DESI seeks to map the large-scale structure of the universe over an enormous volume and a wide range of look-back times (based on “redshift,” or the shift in the light of distant objects toward redder wavelengths of light). Targeting about 30 million pre-selected galaxies across one-third of the night sky, scientists will use DESI’s redshifts data to construct 3D maps of the universe.
The DESI survey is based on four primary classes of galaxies, here described in order of distance from us:
- DESI will provide a detailed map using bright galaxies, stretching out to redshift 0.4 and including galaxies to 20th magnitude. These objects are bright enough to observe when the moon is near full. While these are the easiest targets, they are still of high value because they probe the universe most recently, when the accelerating expansion is strongest.
- Next, DESI will use luminous red galaxies (LRGs). These are the most massive galaxies, composed largely of old stars. They can be seen at substantial distances and their red color makes them easy to select in imaging. With them, the survey will reach redshift 1.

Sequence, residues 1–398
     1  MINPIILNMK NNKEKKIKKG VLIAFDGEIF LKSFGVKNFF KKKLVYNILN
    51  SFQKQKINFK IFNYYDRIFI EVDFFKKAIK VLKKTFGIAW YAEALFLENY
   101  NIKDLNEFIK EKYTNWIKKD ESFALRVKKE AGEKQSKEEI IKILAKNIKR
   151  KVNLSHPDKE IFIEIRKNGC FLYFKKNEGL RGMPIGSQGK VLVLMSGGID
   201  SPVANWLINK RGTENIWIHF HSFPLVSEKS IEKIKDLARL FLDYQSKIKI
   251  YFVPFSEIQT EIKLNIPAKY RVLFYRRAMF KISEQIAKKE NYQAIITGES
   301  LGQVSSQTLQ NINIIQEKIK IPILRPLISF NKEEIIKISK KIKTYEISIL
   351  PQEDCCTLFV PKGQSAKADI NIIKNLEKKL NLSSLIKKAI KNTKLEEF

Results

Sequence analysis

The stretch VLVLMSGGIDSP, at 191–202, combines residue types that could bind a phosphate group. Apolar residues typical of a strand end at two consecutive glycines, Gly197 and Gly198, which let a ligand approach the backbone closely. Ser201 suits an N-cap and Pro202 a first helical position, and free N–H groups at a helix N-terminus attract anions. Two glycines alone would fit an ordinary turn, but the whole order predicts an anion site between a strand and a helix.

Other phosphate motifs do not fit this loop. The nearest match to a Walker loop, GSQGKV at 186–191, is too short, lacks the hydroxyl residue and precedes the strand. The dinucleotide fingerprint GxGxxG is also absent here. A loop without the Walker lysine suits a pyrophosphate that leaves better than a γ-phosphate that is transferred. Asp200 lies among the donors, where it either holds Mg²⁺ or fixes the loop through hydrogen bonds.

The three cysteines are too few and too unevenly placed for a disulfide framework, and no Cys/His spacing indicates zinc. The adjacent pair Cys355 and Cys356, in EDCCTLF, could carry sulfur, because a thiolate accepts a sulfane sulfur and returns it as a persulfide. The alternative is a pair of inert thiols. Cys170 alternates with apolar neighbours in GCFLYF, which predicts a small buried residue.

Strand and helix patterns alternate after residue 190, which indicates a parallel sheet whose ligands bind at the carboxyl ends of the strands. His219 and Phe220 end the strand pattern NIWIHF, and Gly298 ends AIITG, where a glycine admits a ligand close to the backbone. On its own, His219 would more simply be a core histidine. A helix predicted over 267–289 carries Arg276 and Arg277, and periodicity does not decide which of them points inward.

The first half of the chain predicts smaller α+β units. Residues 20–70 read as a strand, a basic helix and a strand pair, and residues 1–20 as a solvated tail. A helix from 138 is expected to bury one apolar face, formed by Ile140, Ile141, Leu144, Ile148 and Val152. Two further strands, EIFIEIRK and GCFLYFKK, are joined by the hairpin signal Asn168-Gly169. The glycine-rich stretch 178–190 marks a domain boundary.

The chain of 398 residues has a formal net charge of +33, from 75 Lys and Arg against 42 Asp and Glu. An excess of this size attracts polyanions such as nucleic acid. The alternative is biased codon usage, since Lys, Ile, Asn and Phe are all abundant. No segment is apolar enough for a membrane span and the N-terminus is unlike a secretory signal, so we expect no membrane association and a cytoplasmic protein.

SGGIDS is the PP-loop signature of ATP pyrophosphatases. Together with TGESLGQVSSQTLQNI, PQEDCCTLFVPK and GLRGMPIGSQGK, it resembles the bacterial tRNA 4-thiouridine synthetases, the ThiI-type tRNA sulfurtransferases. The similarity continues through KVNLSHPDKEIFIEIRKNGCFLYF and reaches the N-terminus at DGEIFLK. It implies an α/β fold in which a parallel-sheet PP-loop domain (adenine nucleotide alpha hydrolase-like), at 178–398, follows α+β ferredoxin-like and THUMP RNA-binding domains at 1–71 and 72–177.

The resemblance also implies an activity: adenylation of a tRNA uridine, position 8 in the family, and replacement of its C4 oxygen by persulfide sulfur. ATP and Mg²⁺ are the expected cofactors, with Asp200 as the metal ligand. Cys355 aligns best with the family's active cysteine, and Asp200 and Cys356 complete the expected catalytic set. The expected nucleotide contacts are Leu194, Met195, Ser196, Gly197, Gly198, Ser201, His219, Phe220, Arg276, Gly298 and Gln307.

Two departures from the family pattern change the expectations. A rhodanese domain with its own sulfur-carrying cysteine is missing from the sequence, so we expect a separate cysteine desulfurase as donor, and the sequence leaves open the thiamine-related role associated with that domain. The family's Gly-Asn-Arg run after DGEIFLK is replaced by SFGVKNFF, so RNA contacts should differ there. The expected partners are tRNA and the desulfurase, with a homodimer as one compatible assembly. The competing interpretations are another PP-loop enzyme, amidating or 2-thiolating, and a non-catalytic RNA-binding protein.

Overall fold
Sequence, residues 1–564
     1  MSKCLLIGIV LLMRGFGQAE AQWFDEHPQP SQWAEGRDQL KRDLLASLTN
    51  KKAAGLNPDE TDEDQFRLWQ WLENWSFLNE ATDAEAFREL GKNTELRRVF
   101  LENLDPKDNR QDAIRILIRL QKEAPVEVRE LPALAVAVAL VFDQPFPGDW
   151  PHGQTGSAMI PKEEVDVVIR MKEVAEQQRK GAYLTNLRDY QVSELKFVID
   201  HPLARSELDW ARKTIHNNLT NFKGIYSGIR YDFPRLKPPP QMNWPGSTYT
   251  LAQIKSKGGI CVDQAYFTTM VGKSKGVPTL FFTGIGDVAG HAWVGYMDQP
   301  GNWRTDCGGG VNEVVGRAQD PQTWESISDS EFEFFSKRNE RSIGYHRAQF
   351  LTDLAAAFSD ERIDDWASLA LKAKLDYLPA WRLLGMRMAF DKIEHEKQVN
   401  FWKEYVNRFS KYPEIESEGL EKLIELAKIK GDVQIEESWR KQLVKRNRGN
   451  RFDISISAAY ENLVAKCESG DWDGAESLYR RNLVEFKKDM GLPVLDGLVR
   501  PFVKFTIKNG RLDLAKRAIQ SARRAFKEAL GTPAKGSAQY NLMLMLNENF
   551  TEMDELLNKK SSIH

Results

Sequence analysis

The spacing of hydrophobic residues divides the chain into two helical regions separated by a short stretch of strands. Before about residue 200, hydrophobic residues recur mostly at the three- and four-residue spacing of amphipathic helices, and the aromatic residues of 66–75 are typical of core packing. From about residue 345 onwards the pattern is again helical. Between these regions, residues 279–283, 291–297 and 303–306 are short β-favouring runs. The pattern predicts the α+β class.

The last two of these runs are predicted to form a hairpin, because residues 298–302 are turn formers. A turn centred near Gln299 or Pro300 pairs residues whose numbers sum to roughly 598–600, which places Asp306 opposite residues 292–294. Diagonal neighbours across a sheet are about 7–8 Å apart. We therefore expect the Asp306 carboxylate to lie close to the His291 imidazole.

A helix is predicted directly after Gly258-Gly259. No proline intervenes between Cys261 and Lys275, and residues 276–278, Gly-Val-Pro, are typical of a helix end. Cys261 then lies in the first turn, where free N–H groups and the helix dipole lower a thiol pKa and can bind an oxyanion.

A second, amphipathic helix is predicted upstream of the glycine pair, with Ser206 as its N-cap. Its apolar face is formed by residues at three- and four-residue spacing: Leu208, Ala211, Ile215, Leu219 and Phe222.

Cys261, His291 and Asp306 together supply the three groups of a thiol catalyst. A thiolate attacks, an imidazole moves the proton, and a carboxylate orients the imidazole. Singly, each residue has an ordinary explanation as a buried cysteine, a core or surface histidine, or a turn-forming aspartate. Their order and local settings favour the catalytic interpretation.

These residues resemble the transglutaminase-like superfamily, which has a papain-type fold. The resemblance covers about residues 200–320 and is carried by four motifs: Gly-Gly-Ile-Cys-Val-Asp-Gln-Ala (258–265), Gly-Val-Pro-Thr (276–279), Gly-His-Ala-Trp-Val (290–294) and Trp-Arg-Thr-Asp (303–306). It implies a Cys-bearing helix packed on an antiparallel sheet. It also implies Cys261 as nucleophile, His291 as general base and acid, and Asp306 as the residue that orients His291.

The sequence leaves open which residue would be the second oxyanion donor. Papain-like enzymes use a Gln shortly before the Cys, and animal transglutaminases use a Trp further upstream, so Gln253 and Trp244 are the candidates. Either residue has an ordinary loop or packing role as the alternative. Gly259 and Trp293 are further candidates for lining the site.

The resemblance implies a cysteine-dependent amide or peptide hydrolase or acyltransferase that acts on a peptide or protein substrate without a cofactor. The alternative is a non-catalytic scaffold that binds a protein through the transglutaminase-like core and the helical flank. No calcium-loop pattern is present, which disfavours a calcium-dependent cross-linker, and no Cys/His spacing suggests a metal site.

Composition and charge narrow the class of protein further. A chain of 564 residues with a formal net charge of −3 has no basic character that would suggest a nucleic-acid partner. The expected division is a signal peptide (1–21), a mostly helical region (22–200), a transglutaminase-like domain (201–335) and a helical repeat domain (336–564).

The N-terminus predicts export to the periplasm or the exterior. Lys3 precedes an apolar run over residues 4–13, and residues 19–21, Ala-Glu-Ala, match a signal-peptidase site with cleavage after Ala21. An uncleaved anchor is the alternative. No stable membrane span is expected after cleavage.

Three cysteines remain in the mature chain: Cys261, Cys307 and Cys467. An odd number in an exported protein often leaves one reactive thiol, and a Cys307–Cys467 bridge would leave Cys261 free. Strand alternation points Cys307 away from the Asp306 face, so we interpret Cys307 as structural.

- The largest sample in DESI relies on emission line galaxies (ELGs). These are fainter and more distant, but their vigorous star formation and hot young stars create strong emission in distinct wavelengths that DESI can detect out to redshift 1.6.
- To go yet further, DESI will survey quasars. These are galaxies where the central supermassive black hole is accreting large amounts of gas that is glowing as it reaches relativistic speeds. Quasars outshine the stars of the galaxy and achieve luminosities that allow DESI to detect them out to redshift 3.5 and beyond.
An important extra application of the quasars is that their spectra is altered by the light traveling through the intergalactic gas between the quasar and us. The neutral hydrogen in this gas produces absorption at a key wavelength in the ultraviolet (121.6 nanometers), and that absorption pattern gets shifted into visible wavelengths due to the very high redshift of the gas. This produces a so-called Lyman-alpha forest and means that each quasar spectrum not only reveals its location in the map, but also a map of the intergalactic hydrogen along the line of sight.
Finally, DESI will observe stars in our own galaxy, adding to our understanding of the chemical abundances and gravitational dynamics of the Milky Way, particularly to help our study of the role of dark matter.